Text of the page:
“Heavy electric motors, such as air conditioning motors rated at 4 or 5 horse power, draw 3 times the current required to run a 4 or 5 hp motor for about 3 seconds on start up.”
This can be too much for the system to handle, especially if you fail to take the higher power demand for starting up into consideration when you decide on your system. You could very well end up with enough solar power to sustain your household, but not enough to allow your air conditioning system to start up.
Wrapping up with any important solar power issues we missed
We did our best to cover some of the most common – and crucial – questions posed by people considering solar energy for their homes. Still, given the multitude of variables and factors, not to mention the countless different solar power configurations available out there, we were bound to miss a few things. Luckily, our helpful Expert Phil was happy to oblige us with some useful tidbits that might just help you come to a decision regarding your home’s primary energy source.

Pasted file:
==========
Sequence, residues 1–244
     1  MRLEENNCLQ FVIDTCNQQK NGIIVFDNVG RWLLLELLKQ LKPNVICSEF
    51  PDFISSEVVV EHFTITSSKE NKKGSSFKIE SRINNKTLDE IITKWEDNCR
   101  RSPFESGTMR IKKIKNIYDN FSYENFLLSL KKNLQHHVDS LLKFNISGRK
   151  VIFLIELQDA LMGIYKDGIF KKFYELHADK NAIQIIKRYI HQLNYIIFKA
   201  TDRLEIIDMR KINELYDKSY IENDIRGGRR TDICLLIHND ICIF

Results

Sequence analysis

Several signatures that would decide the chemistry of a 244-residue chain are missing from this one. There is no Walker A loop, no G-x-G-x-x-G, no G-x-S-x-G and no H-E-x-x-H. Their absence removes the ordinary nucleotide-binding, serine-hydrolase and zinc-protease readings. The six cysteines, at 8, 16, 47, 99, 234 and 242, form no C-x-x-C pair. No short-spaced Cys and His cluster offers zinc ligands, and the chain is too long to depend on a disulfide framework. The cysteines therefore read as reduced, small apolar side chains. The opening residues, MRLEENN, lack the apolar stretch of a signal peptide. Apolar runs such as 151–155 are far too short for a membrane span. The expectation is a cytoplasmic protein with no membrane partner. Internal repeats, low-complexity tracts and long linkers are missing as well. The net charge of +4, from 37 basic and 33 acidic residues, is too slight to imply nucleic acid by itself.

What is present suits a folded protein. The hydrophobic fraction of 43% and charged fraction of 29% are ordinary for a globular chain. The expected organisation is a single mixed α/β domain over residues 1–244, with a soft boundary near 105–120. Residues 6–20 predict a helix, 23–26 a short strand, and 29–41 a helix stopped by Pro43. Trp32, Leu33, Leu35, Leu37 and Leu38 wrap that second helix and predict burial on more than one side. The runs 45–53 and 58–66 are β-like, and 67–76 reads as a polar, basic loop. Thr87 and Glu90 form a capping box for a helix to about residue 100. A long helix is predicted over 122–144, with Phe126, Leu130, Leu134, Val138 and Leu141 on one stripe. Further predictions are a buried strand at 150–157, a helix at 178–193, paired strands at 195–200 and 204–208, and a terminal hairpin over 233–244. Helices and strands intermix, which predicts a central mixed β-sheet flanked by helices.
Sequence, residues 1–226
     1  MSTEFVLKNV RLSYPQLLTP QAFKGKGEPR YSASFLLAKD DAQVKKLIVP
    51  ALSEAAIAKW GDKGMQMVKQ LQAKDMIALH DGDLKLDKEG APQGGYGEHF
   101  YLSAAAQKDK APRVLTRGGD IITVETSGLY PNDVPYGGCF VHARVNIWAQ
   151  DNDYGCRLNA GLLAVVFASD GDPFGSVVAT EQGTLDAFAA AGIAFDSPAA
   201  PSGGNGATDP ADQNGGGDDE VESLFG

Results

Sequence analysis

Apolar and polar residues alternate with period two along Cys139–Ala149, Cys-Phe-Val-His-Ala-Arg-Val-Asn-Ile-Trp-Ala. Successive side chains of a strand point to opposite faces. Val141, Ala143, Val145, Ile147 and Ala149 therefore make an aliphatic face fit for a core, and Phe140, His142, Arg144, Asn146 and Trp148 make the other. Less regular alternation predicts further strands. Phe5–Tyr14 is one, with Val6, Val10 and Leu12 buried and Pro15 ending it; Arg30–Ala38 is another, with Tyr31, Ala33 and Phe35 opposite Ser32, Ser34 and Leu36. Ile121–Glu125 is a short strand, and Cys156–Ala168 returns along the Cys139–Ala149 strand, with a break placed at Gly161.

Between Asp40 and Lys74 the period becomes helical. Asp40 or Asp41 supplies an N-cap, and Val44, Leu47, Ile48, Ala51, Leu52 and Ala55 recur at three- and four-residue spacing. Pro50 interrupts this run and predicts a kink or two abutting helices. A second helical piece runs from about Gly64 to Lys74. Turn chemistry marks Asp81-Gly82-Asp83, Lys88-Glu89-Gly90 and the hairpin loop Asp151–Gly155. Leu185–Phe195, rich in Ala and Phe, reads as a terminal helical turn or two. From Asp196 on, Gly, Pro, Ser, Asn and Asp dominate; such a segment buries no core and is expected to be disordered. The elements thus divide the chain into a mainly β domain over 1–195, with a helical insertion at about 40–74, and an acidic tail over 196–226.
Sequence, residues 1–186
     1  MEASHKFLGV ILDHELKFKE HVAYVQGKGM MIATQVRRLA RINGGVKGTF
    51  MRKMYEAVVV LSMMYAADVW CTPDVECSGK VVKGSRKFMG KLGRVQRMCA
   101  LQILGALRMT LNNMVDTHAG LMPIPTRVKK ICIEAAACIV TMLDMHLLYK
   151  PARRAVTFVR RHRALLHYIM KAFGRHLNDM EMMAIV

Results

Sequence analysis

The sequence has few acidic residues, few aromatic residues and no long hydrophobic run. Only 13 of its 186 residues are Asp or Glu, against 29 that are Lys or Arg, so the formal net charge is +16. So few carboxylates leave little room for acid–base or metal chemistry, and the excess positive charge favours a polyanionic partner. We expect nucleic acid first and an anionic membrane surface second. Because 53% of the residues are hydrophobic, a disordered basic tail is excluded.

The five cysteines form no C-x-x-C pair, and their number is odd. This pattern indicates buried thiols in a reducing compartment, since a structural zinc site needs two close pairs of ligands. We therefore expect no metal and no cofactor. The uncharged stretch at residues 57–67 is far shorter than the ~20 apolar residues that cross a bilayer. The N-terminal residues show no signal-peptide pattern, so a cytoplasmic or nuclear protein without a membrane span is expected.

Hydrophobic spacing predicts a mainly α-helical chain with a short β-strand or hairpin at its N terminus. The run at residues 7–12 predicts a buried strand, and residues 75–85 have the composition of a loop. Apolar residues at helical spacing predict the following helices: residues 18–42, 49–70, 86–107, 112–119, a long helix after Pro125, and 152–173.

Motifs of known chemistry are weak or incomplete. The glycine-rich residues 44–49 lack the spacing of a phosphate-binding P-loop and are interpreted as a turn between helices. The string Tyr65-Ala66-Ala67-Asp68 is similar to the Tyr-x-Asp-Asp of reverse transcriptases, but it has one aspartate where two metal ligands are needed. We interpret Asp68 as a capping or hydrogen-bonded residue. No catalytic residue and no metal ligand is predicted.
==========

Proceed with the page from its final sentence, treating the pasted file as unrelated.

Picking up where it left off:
Q: Is there anything we didn’t mention that you’d consider important for homeowners interested in solar energy solutions?
Solar should be combined with super insulation, going to gas for clothes drier and oven. Do not try to run a whole house AC on solar unless it’s very small (under 18,000 btu and an inverter type system).
Prices on solar panels and battery bank storage have dropped dramatically in the last 10 years, and it will be less costly and more viable next year, than it is this year. Waiting as technology advances at warp speed and costs go significantly lower is not a bad idea.
One of the biggest mistakes made by do-it-yourself homeowners, according to Phil, is not knowing how to calculate actual solar power output. This output is not in amps, but rather, is calculated by multiplying amps and voltage. “A 100 amp rated solar system is often confused with 100 amps of power from the grid, when in fact if the 100 amps of solar is at 12 volts, it is only 1/10th the power of 100 amps at 120 volts.”
This can be a very costly mistake, as you could potentially end up with a 100 amp solar energy system intended for an entire house, that can only supply a 10th of the power needed to replace a 100 amp electrical panel!
In conclusion, by itself solar power isn’t going to be one of the more cost-effective ways of lowering your energy bills. However, Phil maintains that if you’re planning to combine it with other consumption-reducing measures, it becomes a viable and responsible option.